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16/09/2007

Can marketers ever start conversations?

Thanks to everyone who commented on the PR Pains... there were a lot of interesting perspectives.

I thought today about the whole "if in doubt: push don't pull" imperative when C. Sven Johnson pointed to an opinion piece on CNet by Elinor Mills following a conference called Conversational Marketing.  

...I'm suspicious when the "conversation" is initiated by the marketer and not the consumer.

I think people are generally. They're wary of brands, of marketing, because basically experience tells them to be.

I can't help but view conversational marketing as a thinly veiled attempt by the ad industry to insinuate itself into the popular social media craze. Calling it a "conversation" makes it sound benign and implies that it is consensual. Sure, I don't mind hearing about discounts on products I buy, and between all the outdoor, print, TV, radio and traditional online advertising, it's a safe bet that I will have heard about new products that I might want.

C. Sven Johnson's not so sure that there are no situations when a marketer can't start a conversation...

I’d also concede that because someone can be both a consumer and a provider, there are times when the “conversation” can be initiated by a marketer. But it’s rare.

There we have it. So, if you can't be out there starting conversations left right and centre as a brand what can you do?

Well you can learn about context and about the way that the web works as a pull medium. You can build the right content and the right spaces so that when people want something from you, or even might want to start a conversation with you, you're there.

Plus, you can listen, really listen, to what people are talking about and learn when the right moment is to join in - not to deliver a killer call to action, but just to be helpful, useful.

I'm not entirely sure what Elinor means in her summing up, though:

But let's not confuse plain old advertising and gimmick marketing with a new form of commercial digital communication that ostensibly gives consumers more control.

The only thing they really control is whether they reach into their wallet.

That seems a bit pessimistic. I'm an optimist when it comes to the empowering effect of social media for people in all areas of their lives.

When cynical people say "conversational" or "word of mouth" marketing they might mean "letting people think they're in control while we get our messages into their brains"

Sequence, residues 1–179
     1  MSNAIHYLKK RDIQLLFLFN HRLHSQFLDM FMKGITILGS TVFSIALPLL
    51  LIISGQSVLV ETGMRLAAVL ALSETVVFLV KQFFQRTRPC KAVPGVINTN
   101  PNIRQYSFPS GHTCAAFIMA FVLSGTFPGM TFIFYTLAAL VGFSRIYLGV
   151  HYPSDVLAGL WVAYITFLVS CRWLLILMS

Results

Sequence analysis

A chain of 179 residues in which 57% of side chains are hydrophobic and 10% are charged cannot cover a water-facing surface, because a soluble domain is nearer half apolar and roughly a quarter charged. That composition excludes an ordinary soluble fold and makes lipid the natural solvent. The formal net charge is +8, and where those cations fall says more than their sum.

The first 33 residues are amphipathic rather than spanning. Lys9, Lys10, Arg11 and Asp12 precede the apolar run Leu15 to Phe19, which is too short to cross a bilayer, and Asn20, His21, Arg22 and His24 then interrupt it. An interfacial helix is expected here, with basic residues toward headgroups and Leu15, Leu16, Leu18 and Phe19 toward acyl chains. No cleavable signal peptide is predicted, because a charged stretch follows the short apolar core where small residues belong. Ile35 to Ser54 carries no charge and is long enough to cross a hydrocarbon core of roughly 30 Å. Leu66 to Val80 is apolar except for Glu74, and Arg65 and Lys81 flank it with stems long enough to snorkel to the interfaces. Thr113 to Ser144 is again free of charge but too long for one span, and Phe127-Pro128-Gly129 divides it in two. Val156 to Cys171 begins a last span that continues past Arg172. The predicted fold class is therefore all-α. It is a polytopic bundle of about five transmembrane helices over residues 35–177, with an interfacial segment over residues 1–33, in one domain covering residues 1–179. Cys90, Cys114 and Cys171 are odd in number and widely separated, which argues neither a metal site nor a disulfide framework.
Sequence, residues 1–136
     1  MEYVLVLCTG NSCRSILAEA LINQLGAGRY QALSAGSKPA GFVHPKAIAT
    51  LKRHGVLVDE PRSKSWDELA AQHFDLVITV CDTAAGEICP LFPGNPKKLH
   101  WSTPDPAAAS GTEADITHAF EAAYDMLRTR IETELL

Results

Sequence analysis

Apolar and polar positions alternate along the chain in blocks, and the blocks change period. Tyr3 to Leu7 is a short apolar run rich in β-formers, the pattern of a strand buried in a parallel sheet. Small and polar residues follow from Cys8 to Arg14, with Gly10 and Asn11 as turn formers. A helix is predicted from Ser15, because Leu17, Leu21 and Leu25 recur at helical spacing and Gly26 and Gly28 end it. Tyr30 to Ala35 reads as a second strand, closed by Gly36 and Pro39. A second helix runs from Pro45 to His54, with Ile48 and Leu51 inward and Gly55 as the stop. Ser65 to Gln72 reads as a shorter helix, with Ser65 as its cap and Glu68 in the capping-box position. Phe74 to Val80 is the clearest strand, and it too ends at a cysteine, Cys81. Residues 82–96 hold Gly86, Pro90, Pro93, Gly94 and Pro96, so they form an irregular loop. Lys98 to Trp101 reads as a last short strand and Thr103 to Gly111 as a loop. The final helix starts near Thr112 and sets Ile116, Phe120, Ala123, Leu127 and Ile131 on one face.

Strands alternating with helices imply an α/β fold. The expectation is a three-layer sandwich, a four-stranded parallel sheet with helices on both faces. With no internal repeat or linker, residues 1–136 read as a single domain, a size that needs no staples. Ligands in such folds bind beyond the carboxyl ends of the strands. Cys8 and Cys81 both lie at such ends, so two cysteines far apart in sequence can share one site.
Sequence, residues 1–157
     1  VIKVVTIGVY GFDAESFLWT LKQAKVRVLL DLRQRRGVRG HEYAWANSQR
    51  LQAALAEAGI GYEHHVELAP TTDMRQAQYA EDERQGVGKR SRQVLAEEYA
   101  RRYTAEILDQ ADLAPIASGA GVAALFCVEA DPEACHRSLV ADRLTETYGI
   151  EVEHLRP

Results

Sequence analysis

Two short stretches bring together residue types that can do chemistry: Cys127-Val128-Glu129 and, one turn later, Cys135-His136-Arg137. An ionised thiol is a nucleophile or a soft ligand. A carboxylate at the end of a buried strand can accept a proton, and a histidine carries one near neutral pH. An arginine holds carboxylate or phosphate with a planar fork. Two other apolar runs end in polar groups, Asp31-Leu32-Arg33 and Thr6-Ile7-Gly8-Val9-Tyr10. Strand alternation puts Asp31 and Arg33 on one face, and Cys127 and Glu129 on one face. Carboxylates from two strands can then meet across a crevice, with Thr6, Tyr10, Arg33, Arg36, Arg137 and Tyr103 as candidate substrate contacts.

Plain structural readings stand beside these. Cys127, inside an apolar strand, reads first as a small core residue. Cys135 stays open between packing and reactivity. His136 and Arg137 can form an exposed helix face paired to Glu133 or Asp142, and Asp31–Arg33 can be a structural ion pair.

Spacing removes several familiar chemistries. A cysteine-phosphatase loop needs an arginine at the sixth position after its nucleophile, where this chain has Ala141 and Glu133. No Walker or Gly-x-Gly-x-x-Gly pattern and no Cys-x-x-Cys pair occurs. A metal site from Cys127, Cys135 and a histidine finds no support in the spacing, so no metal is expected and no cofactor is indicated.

: : Marketing & Strategy Innovation (an aggregation of some top marketing bloggers) one of those great feeds I drift in and out of reading, but am always glad when I get back in the groove with it again. So many good voices on it.

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Comments

I'd like to point out that in my comments I included one other thing which, I believe, can be done: marketers can be genuinely passionate about their products. I believe it's "rare" that marketers can start a conversation simply because in my experience so few are truly passionate about the product they're pitching. For most, it's just part of the job.

I've discussed this particular issue before if you're interested: http://blog.rebang.com/?p=427

Thanks for adding with that comment - and for the extra link: most welcome...

It's kind of obvious but for me 'conversational marketing' is, well, still marketing and not genuine conversation. The problem is that unlike mass comms/marketing 'conversations' genuine conversations don't scale. The solution for tradtional pr/marketing types is - like you say - to act as facilitators for other people's conversations. But then if there's a short cut like devising 'conversational marketing' it's inevitable that lazy companies will go down that route.

The key is to separate individuals from organisations.

Absolutely marketers, as individuals, can and should be starting conversations. But they should be conducted in a way that is sympathetic to the environment, and follows the old sales adage: a salesperson has two ears and one mouth - they should be used in that ratio. So marketers should and can start conversations, but they should be actively listening, learning, finding out, not shouting, prodding, promoting.

But when it comes to the marketing function of an organisation, not an individual but at SCALE, that's where starting conversations en masse, single point to multiple point, is very hard not to be a broadcaster shouting loudly in a new environment. That's where it can end up being 'ad agency thinly veiled' type thing.

Marketers forgot how to start conversations, and how to listen, and now they're remembering that and they (we) should be encouraged.

So any suggestion that marketers shouldn't start conversations is bullshit.

Brilliant breaking down of the issue there, Will: "Marketing" shouldn't start conversations, people who work in marketing should, is what your saying?

That works... as long they are listening and understanding first... just like real people do.

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